Willow Creek admits they’ve got it wrong! What the!?

I was just blown away by this video.  Greg Hawkins, an executive pastor at Willow Creek reveals the findings of a research done in over 30 churches including their own. 

Finding 1: There is no direct correlation between the depth of someone’s walk with Christ and their participation in church programs. 

Finding 2: The more people become committed to Christ the more dissatisfied they become with church programs.

I must applaud Greg Hawkins for being brave enough to admit these things.  The Willow Creek approach to church is probably the most duplicated in North America.  For the leaders of this church to put a question mark on all they have been instructing churches to do for decades is very significant.

I think a lot of people already knew this.  There is going to be the temptation to say "I told you so" among the church’s critics.  Those in traditional church settings critical of the seeker approach should be mindful that the Reveal process found broad similarities between different kinds of churches.  Some will ask whether we need radically different church programs.  My mind immediately goes to the question: Can we be the church without programs?  The obvious answer is yes if you meet in a living room.  Not so easy when you are 50, 200 or 2000 people.  Another good question is: Does biblical theology give us clues on how people are transformed in to committed disciples of Christ?  I think biblical theology does but we have taken a pass on scripture and followed more pragmatic thinking on the issue.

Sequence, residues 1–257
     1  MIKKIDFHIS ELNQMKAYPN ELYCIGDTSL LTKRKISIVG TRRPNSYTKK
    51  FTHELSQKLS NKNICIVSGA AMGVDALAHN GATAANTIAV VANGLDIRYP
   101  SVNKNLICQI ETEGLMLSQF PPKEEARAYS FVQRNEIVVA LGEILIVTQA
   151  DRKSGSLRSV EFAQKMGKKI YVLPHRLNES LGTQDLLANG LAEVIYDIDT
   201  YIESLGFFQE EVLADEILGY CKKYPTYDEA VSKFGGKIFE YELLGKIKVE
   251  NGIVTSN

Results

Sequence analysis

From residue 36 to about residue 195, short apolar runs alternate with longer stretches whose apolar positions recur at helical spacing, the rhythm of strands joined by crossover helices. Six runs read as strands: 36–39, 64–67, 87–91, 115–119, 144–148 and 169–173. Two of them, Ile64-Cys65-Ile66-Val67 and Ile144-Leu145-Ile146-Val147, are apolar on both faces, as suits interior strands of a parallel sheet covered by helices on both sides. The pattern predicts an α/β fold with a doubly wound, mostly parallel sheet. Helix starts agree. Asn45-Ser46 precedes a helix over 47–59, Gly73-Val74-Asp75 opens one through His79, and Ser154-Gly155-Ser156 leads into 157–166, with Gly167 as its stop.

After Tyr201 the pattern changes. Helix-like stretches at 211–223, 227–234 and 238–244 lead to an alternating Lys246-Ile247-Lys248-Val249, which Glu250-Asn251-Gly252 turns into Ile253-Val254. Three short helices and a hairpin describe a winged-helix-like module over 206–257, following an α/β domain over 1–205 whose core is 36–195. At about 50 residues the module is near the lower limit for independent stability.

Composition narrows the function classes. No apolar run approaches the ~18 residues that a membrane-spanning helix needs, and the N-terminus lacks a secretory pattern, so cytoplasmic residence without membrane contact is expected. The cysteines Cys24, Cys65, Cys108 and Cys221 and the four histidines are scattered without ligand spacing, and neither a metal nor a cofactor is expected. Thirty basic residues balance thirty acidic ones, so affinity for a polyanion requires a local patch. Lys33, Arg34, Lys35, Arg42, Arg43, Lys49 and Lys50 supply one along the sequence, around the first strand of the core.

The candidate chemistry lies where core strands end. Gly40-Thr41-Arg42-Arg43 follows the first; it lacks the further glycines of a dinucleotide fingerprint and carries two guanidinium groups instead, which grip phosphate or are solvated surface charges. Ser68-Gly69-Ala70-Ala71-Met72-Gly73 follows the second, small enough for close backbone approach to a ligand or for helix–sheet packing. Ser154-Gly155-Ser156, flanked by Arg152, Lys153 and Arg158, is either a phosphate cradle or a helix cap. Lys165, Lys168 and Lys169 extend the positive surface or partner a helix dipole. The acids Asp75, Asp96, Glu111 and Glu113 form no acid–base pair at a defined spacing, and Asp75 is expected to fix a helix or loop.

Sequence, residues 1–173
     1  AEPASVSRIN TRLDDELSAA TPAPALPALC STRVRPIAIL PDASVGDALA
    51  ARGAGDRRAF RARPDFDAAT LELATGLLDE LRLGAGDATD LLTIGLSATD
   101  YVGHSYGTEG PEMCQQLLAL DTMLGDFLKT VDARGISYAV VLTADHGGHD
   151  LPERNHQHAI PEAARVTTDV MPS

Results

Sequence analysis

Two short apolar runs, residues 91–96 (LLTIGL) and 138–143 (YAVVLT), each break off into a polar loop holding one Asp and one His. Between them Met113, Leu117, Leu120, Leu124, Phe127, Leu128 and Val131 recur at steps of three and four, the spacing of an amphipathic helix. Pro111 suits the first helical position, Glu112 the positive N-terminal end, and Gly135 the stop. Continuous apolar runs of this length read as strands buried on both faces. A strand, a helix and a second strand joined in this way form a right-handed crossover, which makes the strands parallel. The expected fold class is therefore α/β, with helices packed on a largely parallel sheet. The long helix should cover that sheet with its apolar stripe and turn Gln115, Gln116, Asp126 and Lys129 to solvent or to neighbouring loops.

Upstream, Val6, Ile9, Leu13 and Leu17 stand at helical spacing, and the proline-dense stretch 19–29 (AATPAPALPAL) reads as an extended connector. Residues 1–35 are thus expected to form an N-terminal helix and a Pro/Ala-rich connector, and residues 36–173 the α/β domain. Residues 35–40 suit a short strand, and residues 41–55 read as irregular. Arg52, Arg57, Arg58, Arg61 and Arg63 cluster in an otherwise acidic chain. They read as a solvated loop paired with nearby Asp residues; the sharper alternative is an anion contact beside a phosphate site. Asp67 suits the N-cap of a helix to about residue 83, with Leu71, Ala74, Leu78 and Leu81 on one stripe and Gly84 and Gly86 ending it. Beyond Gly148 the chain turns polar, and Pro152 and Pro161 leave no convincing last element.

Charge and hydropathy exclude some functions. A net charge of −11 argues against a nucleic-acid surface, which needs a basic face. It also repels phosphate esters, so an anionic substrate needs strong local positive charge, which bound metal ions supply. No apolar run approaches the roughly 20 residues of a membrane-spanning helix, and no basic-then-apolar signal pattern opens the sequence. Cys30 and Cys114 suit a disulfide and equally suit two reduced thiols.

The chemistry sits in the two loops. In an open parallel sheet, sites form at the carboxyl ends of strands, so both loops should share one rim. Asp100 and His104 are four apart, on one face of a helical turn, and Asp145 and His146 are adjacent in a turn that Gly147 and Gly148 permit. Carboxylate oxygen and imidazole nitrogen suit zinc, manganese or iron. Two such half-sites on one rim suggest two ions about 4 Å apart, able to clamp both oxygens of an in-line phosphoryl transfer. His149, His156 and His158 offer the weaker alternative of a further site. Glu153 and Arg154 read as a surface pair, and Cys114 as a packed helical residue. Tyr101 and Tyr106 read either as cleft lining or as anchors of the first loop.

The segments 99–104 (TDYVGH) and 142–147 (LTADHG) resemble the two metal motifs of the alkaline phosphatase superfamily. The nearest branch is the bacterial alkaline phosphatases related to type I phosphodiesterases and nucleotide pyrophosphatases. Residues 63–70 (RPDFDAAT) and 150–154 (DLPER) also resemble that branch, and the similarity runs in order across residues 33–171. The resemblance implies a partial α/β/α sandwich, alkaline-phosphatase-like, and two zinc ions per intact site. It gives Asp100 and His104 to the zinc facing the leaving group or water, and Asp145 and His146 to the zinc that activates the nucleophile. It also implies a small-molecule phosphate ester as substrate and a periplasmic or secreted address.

Some will argue Willow’s rethink doesn’t go deep enough.  It doesn’t look like Willow is rethinking the seeker model based this blog post.  I think we have to give credit where it is due.  30 years ago Hybels and others sought to bring positive change.  They were heavily criticized and I honestly believe they were wrong but they had the courage to try something different.  While I don’t believe their "rethink" has gone deep enough they are far more brave than most in admitting they’ve had some things wrong. 


Comments are closed.